Hattie McDaniel, Part One

I grew up watching Hattie McDaniel play mammies, cooks and maids. I grew up watching her movies without knowing the context of her life at all, or why she couldn’t get any other roles. I adored her as an actress. She stole scenes from Katherine Hepburn, which is not an easy thing to do, and she had a voice that spoke of her past as a Blues singer.

Hattie McDaniel is a celebrated and vilified figure in African-American film history. On the one hand, she was the first Black American to be nominated for and to win an Academy Award. On the other hand, she received that honor for her role as Scarlett O’Hara’s happy slave mammy in Gone With the Wind. On the one hand, Hattie was the first African-American woman on the radio and she pioneered the first sitcom to star an African-American actress. On the other hand, “The Beulah Show”, both on the radio and on television, perpetuated racist caricatures of black Americans lifted from Civil War era minstrel shows.

Before moving to L.A. to begin her film career, Hattie McDaniel performed as a comedian in vaudeville acts, as a blues singer, and as a leading actress in the national tour of the musical “Show Boat”. Hattie appeared in over 300 films, but was credited by name for only around 80 of them. She was almost exclusively cast as mammies, slaves, maids, and cooks. Between roles, Hattie worked as a maid, cook, bathroom attendant and other jobs similar to the ones she played in movies.

Both contemporary and modern critics have objected to the roles Hattie played in film, on stage, on television and on the radio. The National Association for the Advancement of Colored People (NAACP) under the leadership of Walter White boycotted her movies and protested the “Mammyism” she portrayed in her roles. Hattie received much scorn for her quote on the subject, “Why should I complain about making $700 a week playing a maid? If I didn’t, I’d be making $7 a week being one.”

A powerful group of black and Jewish moneyed elite in America, the NAACP of the 1930s and 1940s were often seen by less affluent African-Americans as being out of touch with the reality of working poor blacks. Meanwhile, the NAACP sought to promote an image of black “normalcy” that mirrored white middle class values and mores and a generally more European phenotype. The lighter-skinned Lena Horne appeared on two issues of the NAACP magazine “Crisis” in the 1940s.

Lena Horne once said she knew Walter White saw her as “an interesting weapon” in his public perception battle, but she cared little so long as he and the NAACP could protect her ability to sing for a living, and thus provide for her children as a divorced mother. With the group’s backing, she was able to negotiate terms in her film studio contract that guaranteed she would never play a subservient role such as a nanny, cook, or maid.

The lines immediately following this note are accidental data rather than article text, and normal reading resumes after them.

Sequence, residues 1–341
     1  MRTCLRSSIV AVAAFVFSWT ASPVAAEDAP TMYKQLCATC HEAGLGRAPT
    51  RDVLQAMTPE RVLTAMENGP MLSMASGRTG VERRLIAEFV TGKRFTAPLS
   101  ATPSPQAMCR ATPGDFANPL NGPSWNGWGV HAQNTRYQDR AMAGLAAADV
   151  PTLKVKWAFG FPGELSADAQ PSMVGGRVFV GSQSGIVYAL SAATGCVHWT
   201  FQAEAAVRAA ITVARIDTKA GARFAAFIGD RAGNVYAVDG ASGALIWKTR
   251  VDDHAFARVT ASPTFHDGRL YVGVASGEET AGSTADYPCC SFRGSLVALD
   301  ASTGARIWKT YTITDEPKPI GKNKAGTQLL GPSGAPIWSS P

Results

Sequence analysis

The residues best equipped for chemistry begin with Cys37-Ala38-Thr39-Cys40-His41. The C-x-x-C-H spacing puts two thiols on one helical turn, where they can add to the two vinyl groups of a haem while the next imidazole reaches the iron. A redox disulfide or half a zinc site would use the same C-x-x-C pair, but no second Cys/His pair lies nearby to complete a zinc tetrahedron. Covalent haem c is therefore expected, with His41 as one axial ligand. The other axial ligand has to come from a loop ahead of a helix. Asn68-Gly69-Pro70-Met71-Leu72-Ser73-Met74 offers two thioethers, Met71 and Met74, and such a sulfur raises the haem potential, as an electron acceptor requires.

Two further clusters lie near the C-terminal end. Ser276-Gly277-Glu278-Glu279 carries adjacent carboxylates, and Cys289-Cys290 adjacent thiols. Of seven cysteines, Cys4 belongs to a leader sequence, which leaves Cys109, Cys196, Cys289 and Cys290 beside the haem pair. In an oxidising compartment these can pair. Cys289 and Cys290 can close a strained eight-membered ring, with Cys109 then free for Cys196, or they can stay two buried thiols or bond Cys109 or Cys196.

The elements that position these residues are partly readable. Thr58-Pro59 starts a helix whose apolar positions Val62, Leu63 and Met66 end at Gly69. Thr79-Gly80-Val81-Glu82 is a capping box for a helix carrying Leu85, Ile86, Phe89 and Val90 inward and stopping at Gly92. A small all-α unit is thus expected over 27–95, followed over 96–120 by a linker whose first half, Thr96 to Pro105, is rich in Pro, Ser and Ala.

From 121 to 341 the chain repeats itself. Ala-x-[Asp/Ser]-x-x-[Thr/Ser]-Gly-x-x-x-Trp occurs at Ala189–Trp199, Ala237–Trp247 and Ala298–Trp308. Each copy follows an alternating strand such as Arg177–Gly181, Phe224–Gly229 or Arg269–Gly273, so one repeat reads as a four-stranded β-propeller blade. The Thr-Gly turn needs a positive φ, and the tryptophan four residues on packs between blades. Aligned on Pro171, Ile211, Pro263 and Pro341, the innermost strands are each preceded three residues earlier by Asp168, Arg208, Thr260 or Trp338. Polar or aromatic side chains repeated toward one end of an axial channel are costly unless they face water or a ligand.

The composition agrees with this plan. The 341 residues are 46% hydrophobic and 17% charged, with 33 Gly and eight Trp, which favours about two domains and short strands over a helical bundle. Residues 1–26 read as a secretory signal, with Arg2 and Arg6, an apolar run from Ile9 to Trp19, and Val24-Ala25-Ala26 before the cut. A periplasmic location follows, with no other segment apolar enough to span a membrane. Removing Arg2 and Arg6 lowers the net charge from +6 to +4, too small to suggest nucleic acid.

And yet, it is questionable whether Lena Horne could have had a film career at all, if not for early black film pioneers like Hattie McDaniel and Paul Robeson (another target of criticism from the early NAACP.) Hattie’s prolific and high profile film career saw her starring with the biggest names of the day, from Clark Gable to Shirley Temple to Katherine Hepburn, and even in her much less glamorous and well written roles, Hattie often stole scenes from her well-known costars.

Mammy roles like Hattie played existed long before her film career began; they were just previously performed by white men and women in blackface make up. Hattie felt she could not change the parts offered to her by protest and indignation alone, but she strove to imbue her characters with a sense of humanity, and her line readings often added a tone of righteous anger that had not been originally intended by the screenwriter.

Because of her reputation for cooperativeness and a strong work ethic, Hattie was able to request some changes to scripts; by the late 1930s when she won the part of Mammy, she had enough clout she was able to have the word “nigger” excised from the script of Gone With the Wind, something it is arguable no other black actor in America could have done at the time. Her salary for Gone With the Wind was $1000 a week, making her the highest paid African-American actress of her day.

Tune in later this week for Part 2 on Hattie’s personal life, historic Oscar win, and contributions to African-American equal housing rights.

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2 thoughts on “Hattie McDaniel, Part One

  1. Pingback: Hattie McDaniel Part 2 | Angie's Anti-Theistic Thoughts

  2. Pingback: Hattie McDaniel part 3 | Angie's Anti-Theistic Thoughts

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